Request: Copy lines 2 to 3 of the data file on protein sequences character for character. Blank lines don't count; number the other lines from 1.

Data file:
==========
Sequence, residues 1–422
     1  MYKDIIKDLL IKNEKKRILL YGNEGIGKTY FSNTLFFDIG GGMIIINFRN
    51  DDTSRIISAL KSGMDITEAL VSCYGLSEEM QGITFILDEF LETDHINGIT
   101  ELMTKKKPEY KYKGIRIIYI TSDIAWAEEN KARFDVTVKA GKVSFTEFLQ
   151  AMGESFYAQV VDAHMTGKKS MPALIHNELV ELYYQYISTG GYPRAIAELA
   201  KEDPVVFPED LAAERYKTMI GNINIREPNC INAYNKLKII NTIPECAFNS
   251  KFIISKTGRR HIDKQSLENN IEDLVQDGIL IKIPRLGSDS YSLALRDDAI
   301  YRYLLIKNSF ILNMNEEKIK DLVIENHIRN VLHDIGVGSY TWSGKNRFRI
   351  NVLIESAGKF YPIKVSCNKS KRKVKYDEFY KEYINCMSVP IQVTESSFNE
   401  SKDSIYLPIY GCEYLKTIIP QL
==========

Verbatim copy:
     1  MYKDIIKDLL IKNEKKRILL YGNEGIGKTY FSNTLFFDIG GGMIIINFRN
    51  DDTSRIISAL KSGMDITEAL VSCYGLSEEM QGITFILDEF LETDHINGIT